What do you do if your app doesn’t behave as it should, or even crashes?
Answer A: Post your problem in just about every programming forum.
Answer B: Use the Xcode Debugger to analyze what’s going wrong.
Since most of you already know how to do A I’ll focus on B in this Xcode 4 Debugging Crash-Course. It’s kind of aimed at beginning Xcode developers but that’s just because I hope – against better knowledge – that experienced developers already know that … thing … that debugger stuff. Ya know?
Scheduled for release on November 7th, 2011. Continue reading »
Continue reading »
I recorded a screencast to give you a first impression of the current alpha version of Kobold2D. I’ll show you what is is, what it includes (so far) and how it improves the cocos2d development process.
Since recording the screencast I’ve added the Doodle Drop project from the book as an iOS game template project. I also added the Box2D & Chipmunk physics projects from the book and improved them to work on both iOS and Mac OS X.
Here’s a screenshot showing the current list of template projects (Hello Kobold2D, Hello Cocos3D, Hello Cocos2D-X, Physics Box2D, Physics Chipmunk, Physics Chipmunk SpaceManager, Doodle Drop) and the Doodle Drop template running:
Today I completed the first draft of the Kobold2D chapter which will be in the second edition of the Learn Cocos2D book. In that chapter I’m also giving you an introduction to cocos3d, the official 3D add-on library for cocos2d. I ported cocos3d’s Xcode project template to Kobold2D and spiced it up a little with some cocos2d nodes in the back- and foreground:
Notice the “incoming network connection” warning. This is caused by the iSimulate library which is distributed with Kobold2D and activated by default for Simulator builds. You still need to buy the iSimulate App to benefit from it though. If you don’t you can also choose to ignore the dialog or simply disable iSimulate by commenting out a line in the project’s BuildSettings-iOS.xcconfig file.
I’ve also had great fun with the augmented reality option that the cocos3d CCNodeController class provides. And setting it up is one line of code. Here’s the “camera as live background” demo in action:
Since a picture doesn’t really do it justice, here’s a video:
Admittedly it could run a little faster on my iPhone 3G. It’s pretty taxed and averages around 20 fps with the camera background view and rendering a 3D model. My iPod Touch 4 averages at around 40 fps and it feels a lot smoother.
Kobold2D Todo List
One of the biggest items on my todo list for Kobold2D is to design the website and get rid of the “coming soon” page. This includes setting up the wiki and filling it with content, documentation for the most part. And, well, paying $150 each month because I don’t see any alternative to using Confluence. I want to enjoy working on documentation, and I want you to enjoy browsing and reading it.
I also want to create more template projects. Currently, as you can see in the first screenshot, there’s Hello Kobold2D (iOS & Mac), Hello Cocos3D (iOS) and Hello Cocos2D-X (iOS). I want to add two more templates, one for Chipmunk with SpaceManager (iOS & Mac) and one for Box2D (iOS & Mac). I also want to add the projects from my book as project templates, namely Doodle Drop, the Shoot ‘em Up game, the Orthogonal and the Isometric Tilemap projects, and the Cocos2D With UIKit project (all iOS).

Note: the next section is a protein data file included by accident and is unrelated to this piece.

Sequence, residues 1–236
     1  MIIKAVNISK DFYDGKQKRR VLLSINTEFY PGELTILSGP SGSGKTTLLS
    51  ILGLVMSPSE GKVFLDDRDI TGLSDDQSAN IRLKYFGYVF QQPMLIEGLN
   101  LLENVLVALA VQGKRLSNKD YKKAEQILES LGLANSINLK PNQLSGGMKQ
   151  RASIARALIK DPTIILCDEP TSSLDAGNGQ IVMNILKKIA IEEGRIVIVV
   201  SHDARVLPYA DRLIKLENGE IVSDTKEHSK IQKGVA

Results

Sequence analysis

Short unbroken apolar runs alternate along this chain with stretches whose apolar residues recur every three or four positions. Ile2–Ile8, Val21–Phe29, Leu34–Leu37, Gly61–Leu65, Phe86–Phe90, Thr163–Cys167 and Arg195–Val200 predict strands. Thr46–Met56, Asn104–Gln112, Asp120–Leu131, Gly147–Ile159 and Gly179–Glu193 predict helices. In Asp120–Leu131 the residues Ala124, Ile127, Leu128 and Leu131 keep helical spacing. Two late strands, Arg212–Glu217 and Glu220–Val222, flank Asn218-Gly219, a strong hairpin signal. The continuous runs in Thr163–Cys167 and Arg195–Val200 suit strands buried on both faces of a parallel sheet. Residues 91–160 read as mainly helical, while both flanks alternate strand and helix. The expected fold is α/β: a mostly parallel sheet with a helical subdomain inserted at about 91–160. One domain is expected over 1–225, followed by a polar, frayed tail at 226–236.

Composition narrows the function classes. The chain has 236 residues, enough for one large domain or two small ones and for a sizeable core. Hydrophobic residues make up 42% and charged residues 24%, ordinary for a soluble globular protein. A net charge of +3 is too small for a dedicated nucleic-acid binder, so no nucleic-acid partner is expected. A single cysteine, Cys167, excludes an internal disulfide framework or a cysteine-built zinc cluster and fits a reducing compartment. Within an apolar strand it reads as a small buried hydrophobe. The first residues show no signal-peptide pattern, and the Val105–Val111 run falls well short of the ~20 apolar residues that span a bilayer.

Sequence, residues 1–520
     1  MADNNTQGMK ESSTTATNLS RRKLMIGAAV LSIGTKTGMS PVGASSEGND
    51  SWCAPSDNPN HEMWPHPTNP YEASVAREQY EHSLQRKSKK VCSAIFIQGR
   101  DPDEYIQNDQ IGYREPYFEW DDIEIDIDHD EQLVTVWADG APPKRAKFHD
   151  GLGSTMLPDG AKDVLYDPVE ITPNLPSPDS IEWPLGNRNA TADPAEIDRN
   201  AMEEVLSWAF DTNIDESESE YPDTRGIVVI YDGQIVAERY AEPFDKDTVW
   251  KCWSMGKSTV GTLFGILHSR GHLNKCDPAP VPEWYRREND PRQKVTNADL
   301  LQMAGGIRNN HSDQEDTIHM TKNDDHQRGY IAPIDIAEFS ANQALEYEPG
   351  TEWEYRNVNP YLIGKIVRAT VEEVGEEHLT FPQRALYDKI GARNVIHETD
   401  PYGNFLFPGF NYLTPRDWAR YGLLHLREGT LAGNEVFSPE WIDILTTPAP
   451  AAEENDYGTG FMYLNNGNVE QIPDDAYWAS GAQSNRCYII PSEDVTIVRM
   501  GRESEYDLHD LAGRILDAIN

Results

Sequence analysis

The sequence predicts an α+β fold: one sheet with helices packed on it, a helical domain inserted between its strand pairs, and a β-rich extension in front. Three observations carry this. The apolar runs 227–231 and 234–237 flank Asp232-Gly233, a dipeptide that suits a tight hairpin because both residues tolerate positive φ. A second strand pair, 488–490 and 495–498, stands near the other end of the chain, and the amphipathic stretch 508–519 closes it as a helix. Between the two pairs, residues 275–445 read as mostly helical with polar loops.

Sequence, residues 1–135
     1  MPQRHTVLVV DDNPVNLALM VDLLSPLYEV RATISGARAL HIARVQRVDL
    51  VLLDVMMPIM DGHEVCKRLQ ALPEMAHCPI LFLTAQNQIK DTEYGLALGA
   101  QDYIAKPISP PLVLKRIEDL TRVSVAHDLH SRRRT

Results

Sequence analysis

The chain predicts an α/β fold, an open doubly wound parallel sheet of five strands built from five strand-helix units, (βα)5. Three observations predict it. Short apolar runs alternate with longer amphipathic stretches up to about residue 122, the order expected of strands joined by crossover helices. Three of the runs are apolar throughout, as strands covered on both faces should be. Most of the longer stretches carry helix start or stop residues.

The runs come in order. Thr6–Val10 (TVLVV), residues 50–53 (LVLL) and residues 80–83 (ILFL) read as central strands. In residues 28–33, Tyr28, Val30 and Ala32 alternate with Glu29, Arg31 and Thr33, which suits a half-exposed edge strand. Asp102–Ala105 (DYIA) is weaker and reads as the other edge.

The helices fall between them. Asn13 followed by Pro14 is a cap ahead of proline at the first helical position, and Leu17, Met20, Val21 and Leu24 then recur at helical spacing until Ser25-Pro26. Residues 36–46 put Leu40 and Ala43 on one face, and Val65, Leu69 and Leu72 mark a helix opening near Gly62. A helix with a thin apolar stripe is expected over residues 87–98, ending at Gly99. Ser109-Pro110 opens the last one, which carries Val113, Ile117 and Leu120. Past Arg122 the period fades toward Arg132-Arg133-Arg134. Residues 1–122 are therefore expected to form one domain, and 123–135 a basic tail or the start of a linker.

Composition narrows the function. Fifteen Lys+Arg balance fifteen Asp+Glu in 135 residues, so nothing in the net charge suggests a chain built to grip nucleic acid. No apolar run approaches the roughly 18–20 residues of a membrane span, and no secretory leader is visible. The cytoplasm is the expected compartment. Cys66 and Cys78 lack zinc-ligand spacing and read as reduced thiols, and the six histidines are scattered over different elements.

Even though Kobold2D won’t have Xcode 4 Project Templates I still want to give you a quick and easy way start a new project based on one of the template projects. Notice the distinction between “project template” (those in Xcode’s New Project dialog) and “template project” (a regular, already existing project). I started writing a tool that allows you to create a copy of an existing Kobold2D template project and rename it, so that the workflow is just as convenient as doing it within Xcode. It works for the specific template I tested it with, but I still have to design the user interface and make the code fail-safe.
In case you wonder why Kobold2D won’t have Xcode Project Templates: they are not nearly as powerful as they would have to be. And they’re a pain in the rear to create and maintain without some tool support. But worst of all, you have no way of including files in an Xcode 4 project template that must not be added to the Project Navigator. Like, for example, .xcodeproj files.
And here’s the iTunes link for the Cocos2D Podcast.
… to be laid off is kind of cool.
No, that’s not a freudian slip but not the whole story either.
As the layoffs hit EA Phenomic and it was disclosed to us that we’ll never be working on 3D games for PC and consoles anymore, and instead we’ll be focusing on making webgames, you’d be either in the position where you would have to be laid off (eg 3D Artists) – which admittedly wasn’t “cool”. But if you were in a position like me where you could expect to stay with the company, but you simply had no interest in making webgames, you could volunteer to be put on the layoff list. The “cool” thing about that is that you wouldn’t have to quit, which makes a big difference in terms of compensation and treatment you reveice from the company as well as getting state support for unemployment. And you could save someone else’s job who actually wanted to stay with the company. So that was just a nice way to handle an otherwise difficult situation.